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April 01, 2022 1 Comment
You might have seen the strange looking hex-shaped bar at the gym and wondered what it was...OR you know exactly what it is but you just don't know what to do with it (besides deadlifts...and is it even worth using when there is a regular barbell laying around?).
Well, first of all, it's called a trap bar (or hex bar) and it was invented by Al Gerared in the late 1980s as an easier way to do, you guessed it, trap raises. But now, thanks to creative coaches, it is used for so much more, and for good reason.
In this article, we’ll go into what makes the trap bar unique, the benefits of using the trap bar, 9 awesomely effective trap bar exercises and why you should do them, and the best way to incorporate the trap bar into your workouts.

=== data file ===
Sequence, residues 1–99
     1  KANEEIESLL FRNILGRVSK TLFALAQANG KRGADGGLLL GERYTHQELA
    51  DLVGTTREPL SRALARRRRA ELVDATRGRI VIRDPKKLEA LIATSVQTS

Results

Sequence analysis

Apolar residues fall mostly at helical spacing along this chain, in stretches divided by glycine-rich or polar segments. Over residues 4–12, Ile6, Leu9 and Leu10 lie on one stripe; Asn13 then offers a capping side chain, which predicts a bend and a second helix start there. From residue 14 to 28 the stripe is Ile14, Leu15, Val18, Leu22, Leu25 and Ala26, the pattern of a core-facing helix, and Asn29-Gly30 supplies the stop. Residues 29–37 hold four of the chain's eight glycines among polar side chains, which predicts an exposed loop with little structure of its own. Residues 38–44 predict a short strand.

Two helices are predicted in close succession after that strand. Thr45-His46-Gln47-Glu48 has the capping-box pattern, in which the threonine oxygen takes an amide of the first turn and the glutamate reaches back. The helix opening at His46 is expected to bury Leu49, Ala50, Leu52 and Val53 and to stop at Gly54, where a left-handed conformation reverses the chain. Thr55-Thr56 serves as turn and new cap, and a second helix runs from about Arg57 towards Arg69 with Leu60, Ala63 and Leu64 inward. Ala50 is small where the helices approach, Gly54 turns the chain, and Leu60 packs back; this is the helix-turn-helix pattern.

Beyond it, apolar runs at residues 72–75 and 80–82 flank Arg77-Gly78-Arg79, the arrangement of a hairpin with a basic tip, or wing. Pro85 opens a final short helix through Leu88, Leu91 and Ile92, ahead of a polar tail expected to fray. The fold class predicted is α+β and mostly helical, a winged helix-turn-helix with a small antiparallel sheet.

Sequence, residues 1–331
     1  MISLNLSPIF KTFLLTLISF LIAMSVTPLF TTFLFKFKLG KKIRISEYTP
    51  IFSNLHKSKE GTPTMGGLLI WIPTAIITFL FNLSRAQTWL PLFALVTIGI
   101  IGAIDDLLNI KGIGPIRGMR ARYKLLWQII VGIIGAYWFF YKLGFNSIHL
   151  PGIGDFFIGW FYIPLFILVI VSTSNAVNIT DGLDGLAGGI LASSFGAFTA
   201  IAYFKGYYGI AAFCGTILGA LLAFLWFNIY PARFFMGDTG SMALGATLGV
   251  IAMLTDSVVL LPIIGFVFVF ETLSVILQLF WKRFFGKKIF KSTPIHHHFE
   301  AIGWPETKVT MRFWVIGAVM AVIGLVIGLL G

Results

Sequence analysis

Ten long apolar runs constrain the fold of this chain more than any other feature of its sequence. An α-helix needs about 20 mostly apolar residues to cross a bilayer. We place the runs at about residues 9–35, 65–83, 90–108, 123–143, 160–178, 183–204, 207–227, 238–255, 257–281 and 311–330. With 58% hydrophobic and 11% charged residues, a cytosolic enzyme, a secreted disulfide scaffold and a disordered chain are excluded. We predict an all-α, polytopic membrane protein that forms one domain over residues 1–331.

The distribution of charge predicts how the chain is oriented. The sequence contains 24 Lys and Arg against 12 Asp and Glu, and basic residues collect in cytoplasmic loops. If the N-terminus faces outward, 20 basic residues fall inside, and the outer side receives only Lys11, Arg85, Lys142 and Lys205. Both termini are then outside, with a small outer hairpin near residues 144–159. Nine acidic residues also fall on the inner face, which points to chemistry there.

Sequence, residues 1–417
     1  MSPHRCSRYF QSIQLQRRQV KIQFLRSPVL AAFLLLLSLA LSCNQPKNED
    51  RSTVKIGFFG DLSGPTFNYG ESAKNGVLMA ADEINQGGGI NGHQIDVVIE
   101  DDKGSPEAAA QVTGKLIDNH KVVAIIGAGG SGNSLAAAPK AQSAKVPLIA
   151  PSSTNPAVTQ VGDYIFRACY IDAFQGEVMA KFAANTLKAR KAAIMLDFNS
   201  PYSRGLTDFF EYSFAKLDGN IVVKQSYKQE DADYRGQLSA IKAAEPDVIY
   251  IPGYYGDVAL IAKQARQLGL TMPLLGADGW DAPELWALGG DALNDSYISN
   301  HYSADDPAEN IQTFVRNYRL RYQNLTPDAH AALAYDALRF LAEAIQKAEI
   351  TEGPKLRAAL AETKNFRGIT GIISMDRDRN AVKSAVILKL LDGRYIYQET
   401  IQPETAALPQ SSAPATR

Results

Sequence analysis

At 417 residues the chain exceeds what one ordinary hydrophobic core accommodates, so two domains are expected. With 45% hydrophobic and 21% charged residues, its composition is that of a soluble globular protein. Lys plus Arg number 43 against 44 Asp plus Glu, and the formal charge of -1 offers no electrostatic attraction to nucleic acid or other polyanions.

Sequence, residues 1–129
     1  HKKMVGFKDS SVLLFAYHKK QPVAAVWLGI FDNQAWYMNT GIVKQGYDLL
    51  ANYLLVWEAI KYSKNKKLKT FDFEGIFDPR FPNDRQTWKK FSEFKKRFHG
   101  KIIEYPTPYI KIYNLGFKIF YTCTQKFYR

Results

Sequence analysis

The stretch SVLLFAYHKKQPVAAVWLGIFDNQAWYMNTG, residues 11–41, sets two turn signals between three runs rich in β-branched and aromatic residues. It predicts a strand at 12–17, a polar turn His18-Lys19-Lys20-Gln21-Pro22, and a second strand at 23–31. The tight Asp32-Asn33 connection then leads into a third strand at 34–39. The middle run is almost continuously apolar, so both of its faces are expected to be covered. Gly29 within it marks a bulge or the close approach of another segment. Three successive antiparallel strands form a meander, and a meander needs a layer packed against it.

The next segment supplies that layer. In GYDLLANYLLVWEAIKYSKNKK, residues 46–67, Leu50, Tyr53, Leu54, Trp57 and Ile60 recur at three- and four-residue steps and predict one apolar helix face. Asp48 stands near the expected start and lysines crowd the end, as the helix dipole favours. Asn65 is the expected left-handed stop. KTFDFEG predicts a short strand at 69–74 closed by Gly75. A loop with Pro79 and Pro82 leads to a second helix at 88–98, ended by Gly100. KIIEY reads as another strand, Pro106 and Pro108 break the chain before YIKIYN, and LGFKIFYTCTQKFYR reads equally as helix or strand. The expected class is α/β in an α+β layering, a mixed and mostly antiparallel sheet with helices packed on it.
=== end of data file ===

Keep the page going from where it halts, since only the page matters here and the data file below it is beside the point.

The trap bar has a hex design that allows you to step inside the bar to lift, which aligns the weight more with your center of gravity. It comes with two sets of handles - one projects up in a squared D shape and one pair that’s level with the bar. The bar can be flipped over to make either pair available. This allows you to increase or decrease the range of motion on exercises such as squats and deadlifts, as well as make other exercises feasible like overhead presses. Either way, when you grip it, you will be using a neutral grip.
As the weight is aligned better to your center of gravity and the grip is neutral on both handles, the trap bar is easier on your low back, wrists, elbows, and shoulders than a barbell, particularly for the most common exercises - deadlifts and shrugs. The neutral grip and raised handles generally allows for greater loads too.
Here are a few important benefits of using the trap bar:
Now that you know the amazing benefits of training with a trap bar you might even be considering buying one. If that's the case check out our post that covers the Best Trap Bars on the market.